Why is feminism still important?

The post below puts it a lot more eloquently than I could. It is well worth a read, and interesting food for thought. I have always felt that, for me, feminism is all about equality and I have tried to stress that it does not have to be aggressive or “man-bashing”. Now, I’m going to think again. This post is a stark reminder that as opposed to simply toting the words  ‘equality’ and ‘equals’ around, and despite the (supposedly) negative connotations of the label ‘feminist’ in many’s eyes, the force of feminism is needed. (Yes, still.)

I’d be interested to hear your thoughts on this, as it seems to be hotly debated amongst feminists themselves. How do we define ourselves? What is the role of feminism today, and how should it be implemented within society? Why is feminism still important? Is it still a relevant label? The blog post below has some strong answers to these questions.

The Belle Jar

Last night I was flipping through Margaret Atwood’s Wilderness Tips (which, by the way, is probably her best book of short stories). In the middle of Uncles, I came across a brief exchange between two characters, one of whom is trying to convince the other to write a guest piece on feminism for his newspaper:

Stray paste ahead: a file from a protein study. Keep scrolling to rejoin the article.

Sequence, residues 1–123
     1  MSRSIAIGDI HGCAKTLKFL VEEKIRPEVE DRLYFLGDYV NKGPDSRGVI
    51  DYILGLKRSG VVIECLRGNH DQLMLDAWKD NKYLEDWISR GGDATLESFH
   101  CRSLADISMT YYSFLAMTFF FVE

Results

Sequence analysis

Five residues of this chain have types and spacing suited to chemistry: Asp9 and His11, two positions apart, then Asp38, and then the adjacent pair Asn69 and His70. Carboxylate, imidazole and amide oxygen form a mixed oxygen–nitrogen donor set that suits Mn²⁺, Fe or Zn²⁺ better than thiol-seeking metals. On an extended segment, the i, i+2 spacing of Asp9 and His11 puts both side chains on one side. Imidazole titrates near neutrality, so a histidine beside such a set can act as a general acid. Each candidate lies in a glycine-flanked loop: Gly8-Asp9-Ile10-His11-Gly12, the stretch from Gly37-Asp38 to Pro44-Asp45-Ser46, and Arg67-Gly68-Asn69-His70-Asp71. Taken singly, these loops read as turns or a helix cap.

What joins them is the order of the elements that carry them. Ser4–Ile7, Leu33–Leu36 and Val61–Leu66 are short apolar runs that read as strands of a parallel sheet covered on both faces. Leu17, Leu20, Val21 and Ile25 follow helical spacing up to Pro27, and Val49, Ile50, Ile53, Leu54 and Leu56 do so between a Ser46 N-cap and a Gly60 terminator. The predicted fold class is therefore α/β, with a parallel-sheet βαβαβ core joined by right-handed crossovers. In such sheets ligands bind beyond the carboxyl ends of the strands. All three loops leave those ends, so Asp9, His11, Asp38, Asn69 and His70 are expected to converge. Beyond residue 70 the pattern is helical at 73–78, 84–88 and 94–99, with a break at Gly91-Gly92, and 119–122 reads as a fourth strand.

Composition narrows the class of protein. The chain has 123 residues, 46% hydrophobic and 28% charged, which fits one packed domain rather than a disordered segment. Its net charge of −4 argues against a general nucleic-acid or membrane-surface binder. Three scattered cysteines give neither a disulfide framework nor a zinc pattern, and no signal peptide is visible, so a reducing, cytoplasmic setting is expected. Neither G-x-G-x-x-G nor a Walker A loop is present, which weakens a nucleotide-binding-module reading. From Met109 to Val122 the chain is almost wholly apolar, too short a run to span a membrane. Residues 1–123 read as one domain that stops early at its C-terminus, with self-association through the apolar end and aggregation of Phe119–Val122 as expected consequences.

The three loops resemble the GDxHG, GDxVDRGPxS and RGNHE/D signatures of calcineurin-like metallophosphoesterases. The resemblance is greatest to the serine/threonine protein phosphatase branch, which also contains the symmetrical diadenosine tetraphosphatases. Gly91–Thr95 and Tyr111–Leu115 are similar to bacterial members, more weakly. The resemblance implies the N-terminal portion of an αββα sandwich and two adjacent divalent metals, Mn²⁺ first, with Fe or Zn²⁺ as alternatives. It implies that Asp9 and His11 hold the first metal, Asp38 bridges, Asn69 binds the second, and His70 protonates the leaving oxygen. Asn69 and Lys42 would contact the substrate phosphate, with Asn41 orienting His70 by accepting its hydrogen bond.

“This would be a different angle.” There was a pause; she imagined him polishing his glasses. “It would be – now that the women’s movement has accomplished its goals, isn’t it time to talk about men, and the ways they’ve been hurt by it?”

“Percy,” she said carefully, “where do you get the idea that the women’s movement has accomplished its goals?”

I feel like this is a conversation that I’ve been having for most of my adult life. For someone who came of age in the 90s and early 2000s, it can be…

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Food waste: who’s to blame?

Today I saw an article on the BBC on the report by the House of Lords European Union Committee, blaming ‘Bogof’ deals on certain short-life supermarket goods for food waste by consumers. The report urges for more surplus food to be given to charities and food banks, instead of being wasted by consumers. This seems to me to be skimming over the larger issue. Yes, maybe consumers can be wasteful, but who benefits from cutting supermarket deals? The wealthiest of society might not be affected, but this is not so true for those less well off. And, what about the tonnes of unsold food that many shops throw away every year, from their own overbuying? Of course, there is some hope, as many supermarkets are becoming more innovative in how they use expired food, redistributing waste by re-using and recycling it, or even turning it into energy.

perfect strawberry

Another issue is, as consumers, we are highly selective in the foods we choose to buy; that strawberry is a funny shape, this pepper is the wrong colour. With both shops and consumers adhering to these ridiculous and unnatural standards, an awful lot of produce is wasted before it even reaches the shelves, all because it’s not quite “perfect”. (Although it is now legal to sell misshapen fruit and vegetables.) As well as addressing the large amounts of food wasted during the production and retail stages, the mentality of consumers and their approach to food should be considered.